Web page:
• RdDM;
  • gene silencing;
  • GFP;
  • MORC ;
  • chromatin;
  • Arabidopsis thaliana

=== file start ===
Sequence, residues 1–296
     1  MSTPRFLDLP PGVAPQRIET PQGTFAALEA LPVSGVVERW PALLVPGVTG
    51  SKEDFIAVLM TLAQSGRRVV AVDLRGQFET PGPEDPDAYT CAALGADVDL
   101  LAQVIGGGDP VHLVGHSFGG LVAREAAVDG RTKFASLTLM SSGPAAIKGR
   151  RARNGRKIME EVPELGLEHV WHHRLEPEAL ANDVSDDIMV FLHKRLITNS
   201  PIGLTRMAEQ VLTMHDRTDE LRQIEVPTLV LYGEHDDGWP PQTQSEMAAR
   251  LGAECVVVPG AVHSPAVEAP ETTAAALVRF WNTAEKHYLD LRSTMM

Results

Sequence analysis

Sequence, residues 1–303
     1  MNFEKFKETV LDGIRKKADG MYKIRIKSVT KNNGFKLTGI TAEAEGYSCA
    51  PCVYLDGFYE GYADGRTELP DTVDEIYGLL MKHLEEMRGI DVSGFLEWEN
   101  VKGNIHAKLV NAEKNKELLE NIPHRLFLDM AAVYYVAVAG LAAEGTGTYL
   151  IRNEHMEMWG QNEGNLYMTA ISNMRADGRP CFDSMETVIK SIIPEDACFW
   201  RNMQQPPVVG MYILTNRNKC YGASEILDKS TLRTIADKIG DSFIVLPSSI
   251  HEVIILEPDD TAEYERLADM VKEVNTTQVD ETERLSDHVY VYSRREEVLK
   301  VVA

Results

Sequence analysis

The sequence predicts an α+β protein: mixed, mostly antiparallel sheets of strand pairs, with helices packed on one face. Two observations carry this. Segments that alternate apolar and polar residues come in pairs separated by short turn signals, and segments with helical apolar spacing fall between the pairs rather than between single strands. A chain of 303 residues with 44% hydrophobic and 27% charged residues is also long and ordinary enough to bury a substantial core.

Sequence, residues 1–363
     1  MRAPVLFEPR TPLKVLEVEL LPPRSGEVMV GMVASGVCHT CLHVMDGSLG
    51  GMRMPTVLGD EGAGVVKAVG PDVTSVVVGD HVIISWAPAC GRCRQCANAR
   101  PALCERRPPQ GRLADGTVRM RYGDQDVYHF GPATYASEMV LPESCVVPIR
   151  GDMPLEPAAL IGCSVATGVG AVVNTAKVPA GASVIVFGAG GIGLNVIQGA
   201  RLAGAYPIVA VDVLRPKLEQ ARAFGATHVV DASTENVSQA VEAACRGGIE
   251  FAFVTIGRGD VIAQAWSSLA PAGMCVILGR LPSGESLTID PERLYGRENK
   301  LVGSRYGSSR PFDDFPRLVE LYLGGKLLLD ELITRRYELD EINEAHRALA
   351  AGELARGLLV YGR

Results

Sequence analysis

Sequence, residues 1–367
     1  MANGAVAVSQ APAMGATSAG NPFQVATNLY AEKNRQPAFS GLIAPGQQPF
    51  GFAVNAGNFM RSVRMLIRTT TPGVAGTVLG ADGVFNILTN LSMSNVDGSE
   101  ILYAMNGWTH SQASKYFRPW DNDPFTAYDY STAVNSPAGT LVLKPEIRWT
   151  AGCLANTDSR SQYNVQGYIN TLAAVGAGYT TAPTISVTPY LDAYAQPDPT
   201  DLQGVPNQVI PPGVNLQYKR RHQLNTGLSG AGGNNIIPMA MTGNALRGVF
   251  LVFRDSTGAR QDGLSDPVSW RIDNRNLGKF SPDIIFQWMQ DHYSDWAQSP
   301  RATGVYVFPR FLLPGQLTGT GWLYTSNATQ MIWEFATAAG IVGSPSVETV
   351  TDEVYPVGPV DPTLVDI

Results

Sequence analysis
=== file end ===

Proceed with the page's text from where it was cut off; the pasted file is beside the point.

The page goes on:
The RNA-directed DNA methylation (RdDM) pathway is of central importance to the initiation and maintenance of transcriptional gene silencing in plants. DNA methylation is directed to target sequences by a mechanism that involves production of small RNAs by RNA polymerase IV and long non-coding RNAs by RNA polymerase V. DNA methylation then leads to recruitment of histone-modifying enzymes, followed by establishment of a silenced chromatin state. Recently MORC6, a member of the microrchidia (MORC) family of adenosine triphosphatases (ATPases), has been shown to be involved in transcriptional gene silencing. However, reports differ regarding whether MORC6 is involved in RdDM itself or acts downstream of DNA methylation to enable formation of higher-order chromatin structure. Here we demonstrate that MORC6 is required for efficient RdDM at some target loci, and, using a GFP reporter system, we found that morc6 mutants show a stochastic silencing phenotype. By using cell sorting to separate silenced and unsilenced cells, we show that release of silencing at this locus is associated with a loss of DNA methylation. Thus our data support a view that MORC6 influences RdDM and that it is not acting downstream of DNA methylation. For some loci, efficient initiation or maintenance of DNA methylation may depend on the ability to form higher-order chromatin structure.